How’s it going? Today is the first day of what is supposed to be an ever deeper lockdown for at least another 28 days. Yay! Like you, I’m so happy to continue isolating at home. So many more films I can watch with nothing to interrupt the steady flow of visuals except for this seething feeling of ineptitude. But pooh-pooh to that. If you’re here and reading this, I might as well let you know what I’ve been watching:
The sources I use to watch film are those on my shelf, Kanopy, occasionally Netflix or Prime, and if I’m really keen on seeing something I can view nowhere else but on YouTube, I’ll watch it there. The problem is that so many of the films found on YouTube are of really poor quality.
I kept track of most of the films that I watched for the majority of this past year, especially while in lockdown for five months–and still counting. Without including any that I wrote an entire post on, here they are:
I saw this film a decade or more years ago at a Toronto Film Society festival weekend. A goal had been to see all of Miss Dietrich’s films and so, before DVDs, I was excited that we were able to find and borrow this film in 16mm. Before watching it the other night, I could still remember the gist of the story, how I felt about the characters, but believed it had been long enough that I could revisit.
Something I have been doing for a number of years is adding past notes to the Toronto Film Society’s website. As recently as yesterday, I added the November 27, 1989 film buff notes for a George Formby film, It’s in the Air (1938) and the obscure Everything is Rhythm (1936). Both these films are British, and wishing I could view the latter, I remembered that friends had given me their extra copy of a disc set of “British Musicals of the 1930s, Volume 1”. Although Everything is Rhythm wasn’t included on this 2 disc set, there were four other films ranging from 1930 to 1937 to choose from. I settled on The Song You Gave me (1933), choosing it because it falls in the pre-Code range and it ironically starred American actress Bebe Daniels.
A couple of months ago, I read a book by author Daniel Keyes about a man with 23 personalities. The Minds of Billy Milligan was published in 1981 but I don’t believe its protagonist ever reached the level of fame that Eve of The Three Faces of Eve, Sybil or her psychiatrist Cornelia B. Wilbur—who incidentally also treated Billy Milligan—reached. This is possibly due to the fact that it was never made into a movie, although at one point Leonardo DiCaprio was one of the big names hoping to develop it into a film. Billy Milligan was given the choice of who would write his biography, and after reading Keyes’ Flowers for Algernon, Milligan’s choice made sense.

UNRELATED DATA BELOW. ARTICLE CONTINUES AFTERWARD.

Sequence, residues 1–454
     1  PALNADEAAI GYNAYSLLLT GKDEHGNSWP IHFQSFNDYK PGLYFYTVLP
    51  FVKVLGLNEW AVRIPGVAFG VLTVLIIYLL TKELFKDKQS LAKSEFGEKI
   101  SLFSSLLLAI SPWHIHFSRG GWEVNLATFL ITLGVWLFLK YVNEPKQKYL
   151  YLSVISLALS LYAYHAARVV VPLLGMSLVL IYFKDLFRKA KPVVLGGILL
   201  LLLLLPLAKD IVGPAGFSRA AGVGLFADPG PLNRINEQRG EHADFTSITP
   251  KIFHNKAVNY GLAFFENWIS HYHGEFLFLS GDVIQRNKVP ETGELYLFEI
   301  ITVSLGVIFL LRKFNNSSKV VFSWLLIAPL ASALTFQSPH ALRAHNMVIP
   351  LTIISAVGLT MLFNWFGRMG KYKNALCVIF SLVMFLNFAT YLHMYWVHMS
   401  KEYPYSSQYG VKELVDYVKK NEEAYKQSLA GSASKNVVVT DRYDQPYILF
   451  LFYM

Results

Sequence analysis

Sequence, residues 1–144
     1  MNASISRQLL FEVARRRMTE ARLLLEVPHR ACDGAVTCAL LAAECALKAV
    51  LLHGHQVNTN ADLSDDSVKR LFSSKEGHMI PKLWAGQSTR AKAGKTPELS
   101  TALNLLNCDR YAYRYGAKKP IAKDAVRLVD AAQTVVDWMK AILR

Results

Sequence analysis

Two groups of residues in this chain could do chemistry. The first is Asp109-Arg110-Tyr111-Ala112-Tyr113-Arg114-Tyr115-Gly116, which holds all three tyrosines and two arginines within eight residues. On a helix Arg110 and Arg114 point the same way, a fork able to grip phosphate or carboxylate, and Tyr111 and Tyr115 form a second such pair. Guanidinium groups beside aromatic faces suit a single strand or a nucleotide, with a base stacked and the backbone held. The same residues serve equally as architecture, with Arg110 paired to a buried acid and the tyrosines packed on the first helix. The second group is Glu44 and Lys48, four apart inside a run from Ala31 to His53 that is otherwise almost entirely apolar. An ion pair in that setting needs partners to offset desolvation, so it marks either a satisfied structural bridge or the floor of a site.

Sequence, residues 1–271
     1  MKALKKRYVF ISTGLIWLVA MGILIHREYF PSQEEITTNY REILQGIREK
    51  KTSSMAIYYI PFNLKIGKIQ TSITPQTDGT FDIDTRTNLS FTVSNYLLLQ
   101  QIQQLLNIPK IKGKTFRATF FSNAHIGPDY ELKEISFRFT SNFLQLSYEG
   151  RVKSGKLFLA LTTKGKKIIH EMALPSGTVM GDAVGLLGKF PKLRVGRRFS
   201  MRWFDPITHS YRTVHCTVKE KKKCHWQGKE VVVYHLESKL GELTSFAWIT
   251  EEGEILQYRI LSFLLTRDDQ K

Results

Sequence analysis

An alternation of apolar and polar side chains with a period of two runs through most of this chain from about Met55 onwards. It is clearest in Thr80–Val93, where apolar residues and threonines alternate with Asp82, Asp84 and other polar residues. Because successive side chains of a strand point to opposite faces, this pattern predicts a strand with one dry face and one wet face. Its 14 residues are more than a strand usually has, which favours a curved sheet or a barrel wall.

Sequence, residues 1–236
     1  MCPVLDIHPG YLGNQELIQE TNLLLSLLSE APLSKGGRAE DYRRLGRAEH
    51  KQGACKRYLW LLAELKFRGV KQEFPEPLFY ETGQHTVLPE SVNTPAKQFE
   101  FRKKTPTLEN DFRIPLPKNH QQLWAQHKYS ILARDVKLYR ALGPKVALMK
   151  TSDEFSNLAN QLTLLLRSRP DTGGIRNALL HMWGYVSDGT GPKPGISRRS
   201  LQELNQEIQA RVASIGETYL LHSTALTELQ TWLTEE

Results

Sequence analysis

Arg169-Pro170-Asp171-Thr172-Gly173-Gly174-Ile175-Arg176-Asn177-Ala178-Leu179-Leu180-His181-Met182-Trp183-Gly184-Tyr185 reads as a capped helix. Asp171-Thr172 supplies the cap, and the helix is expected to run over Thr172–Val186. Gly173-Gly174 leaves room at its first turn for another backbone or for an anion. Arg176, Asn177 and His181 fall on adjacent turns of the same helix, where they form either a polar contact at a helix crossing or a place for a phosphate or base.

I have been watching a few interesting films this past week or so, starting with the 1932 film Make Me a Star. Someone I know had posted a write up on the film HEARTS OF THE WEST (1975) and in part compares its theme to the 1932 film. This reminded me that I had a copy of the earlier film and that it was as good a time as any to take a look at it.
I finally had the opportunity to attend the Pordenone Silent Film Festival! It’s been a wonderful week of silent films, something to look forward to each day. I had heard about Pordenone for many years but it just wasn’t on my radar to be able to attend; it was an event I was aiming towards when I eventually hit my retirement days. So, trying to find the silver lining during Covid times, I would say bravo to the people of Le Giornate del Cinema Muto and host Jay Weissberg for programming something special to these less than social times.
Several years ago a friend recommended that I watch Three Godfathers (1936), thinking, even though it was a Western, that I would enjoy it. For the most part, a Western has to have something different than the usual Cowboys and Indians shooting it out to hold any interest for me. I remember when I was a kid, I would sometimes watch these films on TV, and would mostly feel sorry for the horses that fell during the battle. Therefore, I was delighted that I enjoyed Three Godfathers with the unusual story-line about three murderous outlaws who end up caring more for a baby than they do for themselves.
Since we have to stay at home, and since the type of job I do is not something I can do from home, I have plenty of time to watch films if I so choose. A film that had been on the back burner of my mind was the Swedish version of A Woman’s Face [En kvinnas ansikte] (1938) directed by Gustaf Molander and one of ten films Ingrid Bergman made before being brought to Hollywood.